According to a report by CNBC, huge layoffs are expected to happen at Wall Street for the first time since 2019. This phenomenon will be pushed by downturned markets, inflation, and expected weak performance post-Q3.
And Amy Lynch, founder and president of outsourced compliance firm FrontLine Compliance, said that this won’t stop with just a few banks.
Enter outsourcing. Born out of the 1989 recession, outsourcing is the practice of hiring firms outside of the company to perform tasks such as back-office operations — compliance, accounting, IT — and even leadership roles such as chief investment officers (CIO) and chief financial officers (CFO).
Basically born out of crisis, as described by Lynch, outsourcing grew into tremendous fame during the global financial crisis in 2008. The reason? Outsourcing is good for cost-cutting.
Most employees do not realize how expensive it is to keep them on staff. In fact, Lynch explained that retaining an employee costs the company an additional 35% of that employee’s paycheck.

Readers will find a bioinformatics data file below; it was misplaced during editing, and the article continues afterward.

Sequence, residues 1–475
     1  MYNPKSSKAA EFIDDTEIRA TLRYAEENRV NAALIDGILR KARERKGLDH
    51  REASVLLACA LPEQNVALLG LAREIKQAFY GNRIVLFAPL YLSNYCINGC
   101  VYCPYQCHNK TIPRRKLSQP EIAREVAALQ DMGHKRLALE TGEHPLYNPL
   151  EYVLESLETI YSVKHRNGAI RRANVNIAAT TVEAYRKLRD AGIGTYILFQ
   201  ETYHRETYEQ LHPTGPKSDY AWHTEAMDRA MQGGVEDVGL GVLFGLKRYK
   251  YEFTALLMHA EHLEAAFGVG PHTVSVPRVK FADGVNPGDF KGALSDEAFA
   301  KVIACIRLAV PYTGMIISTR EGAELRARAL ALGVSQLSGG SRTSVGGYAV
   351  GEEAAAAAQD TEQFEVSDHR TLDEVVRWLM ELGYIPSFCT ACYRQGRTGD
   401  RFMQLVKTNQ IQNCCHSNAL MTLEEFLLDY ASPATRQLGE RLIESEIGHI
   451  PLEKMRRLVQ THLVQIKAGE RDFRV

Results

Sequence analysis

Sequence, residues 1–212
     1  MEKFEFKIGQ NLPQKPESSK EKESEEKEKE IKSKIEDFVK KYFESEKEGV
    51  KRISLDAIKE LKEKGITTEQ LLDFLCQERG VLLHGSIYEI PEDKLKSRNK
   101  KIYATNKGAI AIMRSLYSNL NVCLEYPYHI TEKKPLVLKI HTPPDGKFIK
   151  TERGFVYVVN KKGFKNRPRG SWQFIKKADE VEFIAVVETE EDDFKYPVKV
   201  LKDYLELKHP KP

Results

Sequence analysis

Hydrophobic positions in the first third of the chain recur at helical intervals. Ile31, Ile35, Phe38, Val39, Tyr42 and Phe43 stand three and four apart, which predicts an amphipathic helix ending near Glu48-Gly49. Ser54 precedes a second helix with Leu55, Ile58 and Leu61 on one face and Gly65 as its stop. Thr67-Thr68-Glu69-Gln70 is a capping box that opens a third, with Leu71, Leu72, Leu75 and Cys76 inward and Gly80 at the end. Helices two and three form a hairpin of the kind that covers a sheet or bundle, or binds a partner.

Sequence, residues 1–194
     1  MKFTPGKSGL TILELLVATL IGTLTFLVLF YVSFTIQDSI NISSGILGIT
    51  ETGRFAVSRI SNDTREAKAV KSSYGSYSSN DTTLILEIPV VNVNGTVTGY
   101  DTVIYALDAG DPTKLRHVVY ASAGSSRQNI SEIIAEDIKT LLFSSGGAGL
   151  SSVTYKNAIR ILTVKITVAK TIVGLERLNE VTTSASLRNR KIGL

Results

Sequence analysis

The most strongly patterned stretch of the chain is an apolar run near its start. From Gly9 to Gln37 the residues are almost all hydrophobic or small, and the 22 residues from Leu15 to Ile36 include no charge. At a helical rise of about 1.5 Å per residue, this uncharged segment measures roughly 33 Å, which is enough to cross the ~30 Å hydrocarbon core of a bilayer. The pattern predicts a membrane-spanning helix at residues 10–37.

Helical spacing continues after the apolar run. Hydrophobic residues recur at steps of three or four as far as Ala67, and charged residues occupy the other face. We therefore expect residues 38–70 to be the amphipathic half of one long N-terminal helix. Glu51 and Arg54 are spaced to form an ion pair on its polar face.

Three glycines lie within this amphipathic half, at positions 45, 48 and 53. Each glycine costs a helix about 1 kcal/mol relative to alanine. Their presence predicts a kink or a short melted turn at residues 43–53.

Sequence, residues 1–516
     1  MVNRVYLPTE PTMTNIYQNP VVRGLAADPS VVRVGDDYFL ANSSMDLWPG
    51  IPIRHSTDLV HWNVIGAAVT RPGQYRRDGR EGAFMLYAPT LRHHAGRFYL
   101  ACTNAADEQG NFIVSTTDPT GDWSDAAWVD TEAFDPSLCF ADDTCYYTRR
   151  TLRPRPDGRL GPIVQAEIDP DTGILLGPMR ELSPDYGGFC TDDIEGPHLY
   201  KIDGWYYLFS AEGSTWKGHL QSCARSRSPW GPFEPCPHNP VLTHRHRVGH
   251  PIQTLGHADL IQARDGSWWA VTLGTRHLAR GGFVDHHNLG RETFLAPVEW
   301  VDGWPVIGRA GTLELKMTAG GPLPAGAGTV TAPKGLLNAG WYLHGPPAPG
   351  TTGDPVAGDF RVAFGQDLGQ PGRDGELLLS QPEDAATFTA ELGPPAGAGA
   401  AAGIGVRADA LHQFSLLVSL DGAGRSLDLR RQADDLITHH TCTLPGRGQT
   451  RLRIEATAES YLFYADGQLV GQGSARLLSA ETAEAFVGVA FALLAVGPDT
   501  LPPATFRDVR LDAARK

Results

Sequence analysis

Outsourcing can help firms save 35% on costs without consequence on their operations.
For firms with in-house compliance and IT departments, outsourcing those functions can be cheaper than retaining staff.
In the case of investment staff, however, hiring OCIOs may cost allocators more money than if they stick with their original investment team, according to Brad Alford, founder of OCIO consulting search firm Alpha Capital Management.
“Doing the outsourced route, at least OCIOs, may not necessarily be the cheapest,” Alford told II. “It’s just that [allocators] are dealing with turnover among their employees and this is the most efficient [solution].”
Amanda Tepper, founder and CEO of management consulting boutique Chestnut Advisory Group, added that the most important driver of recruiting outsourced CIOs and CFOs is that some business functions are “non-core and/or require specialized expertise that would be prohibitively expensive for the business to keep-in house.”